Have you ever had an experience where the first time you saw someone you instantly disliked him or her for no rational reason at all? They immediately seemed to embody some value, way of life, look, or attitude distasteful in your mind?
Well, I responded to Samana that way from the first time I saw him in Northampton.
He's a tall, lanky man in his 50's. He dresses in an understated way. Up until a few months ago, he wore his hair long. Samana is most times accompanied by a young women he refers to as his "attendant." She goes by the name Sacred Little. She is much shorter than he, and always wears a head covering, much in the way Jesus's mother Mary is generally depicted. All of her hair is covered. You just see her cosmetic-free face.
A few weeks ago at the imagine/Gallery's Artist Reception for Richard Hawley, Samana and Sacred Little came up the stairs and we met for the first time. I found out he has an MFA in Poetry and lives in subsidized housing with Sacred Little in Northampton. They refer to their abode as "The Sanctuary." It is two-rooms, simply furnished, and where they practice a kind monastic way with rituals, spiritual disciplines, prayer, dietary disciplines, and meeting folks.
To my surprise, when they came up the stairs, Samana was walking unsteadily with a cane. He looked to be in pain..He was. Without me asking, he offered he'd been diagnosed with a degenerative and incurable disease which made it difficult to walk without a cane. Later, he would tell me he has learned to embrace the pain as a friend and teacher. To him, it is like embracing the suffering of all being.
Samana did most of the talking at our first meeting. Sacred Little would politely respond to questions, but it was clear he was her teacher and she was his disciple. In the midst of our conversation, he would often turn to her, and expound on a spiritual truth coming what from he or we were talking about. She would listen and smile quietly. Also, when he first spoke, it was with a north Jersey accent. It just didn't fit with my notion of what
being a "monk." was supposed to sound like. When I think "monk," I
don't think Jersey accent. Sacred Little doesn't seem to make the distinction.
Samana is also a flute player. I knew he played flute because I'd seen an article a few years back in the Hampshire Gazette about him, his creativity, spirituality, and way of life. Being from Jersey City he also knew jazz and, and was delighted Jim and I were jazz musicians. He knew the great players we knew.As it turns out, he's a self-taught flute player with a penchant for improvising. I have no idea whether he is any good.
So, last Friday night, he and Sacred Little came up the stairs again. The imagineGALLERY is open on the weekends. He said they wanted to know how I was doing. He said they often pray for me by simply saying my name. He inquired into the origin of our church's name imagine/Northampton, so I explained its origin and the meaning it has to our identity and work as Jesus-followers. Samana then began to explain his theology which is a blend of Buddhism with bits and pieces from all the world's major religions, Native American spirituality and shamanism. He a syncretist, blending all spiritual beliefs into something he refers to as Being. We are all connected and need to shed our religious distinctions. It's all the same no matter what you call it.We belong to each other and need to live that. Distinctions create needless separation in his mind. We are brethren.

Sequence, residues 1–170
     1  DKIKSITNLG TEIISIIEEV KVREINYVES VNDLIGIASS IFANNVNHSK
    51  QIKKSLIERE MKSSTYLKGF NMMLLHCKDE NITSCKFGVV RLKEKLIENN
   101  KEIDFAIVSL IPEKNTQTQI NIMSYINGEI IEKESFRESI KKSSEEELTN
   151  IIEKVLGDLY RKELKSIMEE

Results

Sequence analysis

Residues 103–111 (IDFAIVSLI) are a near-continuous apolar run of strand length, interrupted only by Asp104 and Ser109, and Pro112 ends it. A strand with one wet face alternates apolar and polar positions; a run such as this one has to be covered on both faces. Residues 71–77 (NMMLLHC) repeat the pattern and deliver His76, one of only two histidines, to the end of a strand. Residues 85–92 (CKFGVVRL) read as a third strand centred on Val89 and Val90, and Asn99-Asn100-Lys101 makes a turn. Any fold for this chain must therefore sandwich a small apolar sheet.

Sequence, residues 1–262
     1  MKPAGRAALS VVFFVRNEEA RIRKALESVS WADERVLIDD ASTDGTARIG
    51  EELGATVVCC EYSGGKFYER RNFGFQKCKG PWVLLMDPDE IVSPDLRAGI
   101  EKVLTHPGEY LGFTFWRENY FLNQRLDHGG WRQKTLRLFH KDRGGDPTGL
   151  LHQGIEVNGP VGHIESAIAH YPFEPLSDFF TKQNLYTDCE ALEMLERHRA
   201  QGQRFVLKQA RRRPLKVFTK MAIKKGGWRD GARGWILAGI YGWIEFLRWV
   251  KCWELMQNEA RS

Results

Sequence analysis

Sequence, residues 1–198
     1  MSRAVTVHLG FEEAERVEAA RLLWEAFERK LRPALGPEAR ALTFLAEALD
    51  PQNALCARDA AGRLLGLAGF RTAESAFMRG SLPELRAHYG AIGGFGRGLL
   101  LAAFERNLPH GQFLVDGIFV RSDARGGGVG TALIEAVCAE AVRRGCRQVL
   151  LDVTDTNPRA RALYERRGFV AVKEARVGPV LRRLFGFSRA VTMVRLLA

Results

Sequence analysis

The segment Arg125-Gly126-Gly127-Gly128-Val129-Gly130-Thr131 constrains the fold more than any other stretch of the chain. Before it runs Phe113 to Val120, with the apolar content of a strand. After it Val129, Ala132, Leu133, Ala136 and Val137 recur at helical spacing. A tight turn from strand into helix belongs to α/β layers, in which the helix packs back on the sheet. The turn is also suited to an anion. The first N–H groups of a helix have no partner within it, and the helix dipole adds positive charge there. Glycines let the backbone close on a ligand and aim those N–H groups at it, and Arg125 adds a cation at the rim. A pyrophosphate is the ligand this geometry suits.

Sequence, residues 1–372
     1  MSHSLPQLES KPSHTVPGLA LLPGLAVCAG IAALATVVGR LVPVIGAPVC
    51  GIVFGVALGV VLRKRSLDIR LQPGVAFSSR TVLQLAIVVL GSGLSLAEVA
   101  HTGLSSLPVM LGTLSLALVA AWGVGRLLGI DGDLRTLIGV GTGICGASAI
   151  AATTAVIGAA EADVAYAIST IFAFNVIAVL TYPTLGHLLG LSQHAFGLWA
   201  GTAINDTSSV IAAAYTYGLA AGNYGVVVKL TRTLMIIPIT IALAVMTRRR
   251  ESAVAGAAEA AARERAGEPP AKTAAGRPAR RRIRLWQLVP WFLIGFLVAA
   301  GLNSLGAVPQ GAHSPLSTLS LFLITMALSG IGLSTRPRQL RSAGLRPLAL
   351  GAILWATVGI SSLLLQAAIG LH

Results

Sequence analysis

He talks his belief in a very winsome and sincere manner. He and Sacred Little clearly desire to live a life of peace and love for their fellow human beings. They care for the poor, open the sanctuary to anyone, forgive those who mock them, and live simply without pretense. They practice daily the spiritual life they embrace.
Perhaps the most poignant moments of our conversation last Friday were when, before leaving, he asked if he could recite one of his poems to me. He called it Jesus Sang on the Way to the Cross. I have to say it was beautiful. Unexpectedly, I could feel the presence of the Holy Spirit. It's obvious Samana knows the story and shows respect for it. The way he delivered his poem was evocative and with the rhythmic flow of a jazz musician. While I'm no expert, I was taken by his talent and his feeling. He meant it as a gift to me.
So here I am talking about someone I immediately didn't like, and learning to like him. We share some of the same values, but from a very different spiritual aperture.
Just before they left, they said goodbye and both bowed slowly to me. I was taken a back a bit. It felt really awkward and unnecessary. i wasn't sure what to do. In my mind, I was going: "No, please don't do that. I am just a person like you. There is only One who deserves such obeisance." But, to them it was an expression of humility, affection and respect. I have to say I felt warmth toward them.
I'll end this by saying I hope our relationship will grow where I can begin to share my belief in Christ as the one true God, the One they so earnestly seek, but hold onto belief in a mish-mosh of spirituality. They are earnest, gentle, kind, and peaceful. I want so much to show them Jesus who loves them more than they can imagine right now.
Please pray I can do so with them. They are so close to the Kingdom. Maybe imagine will become their sanctuary on the way home. Make it so, Jesus.
This Saturday night we're going to the Quaker Meeting House to see Samana recite his poetry and improvise on his flute. If it's anything like I heard last Friday, it will be good.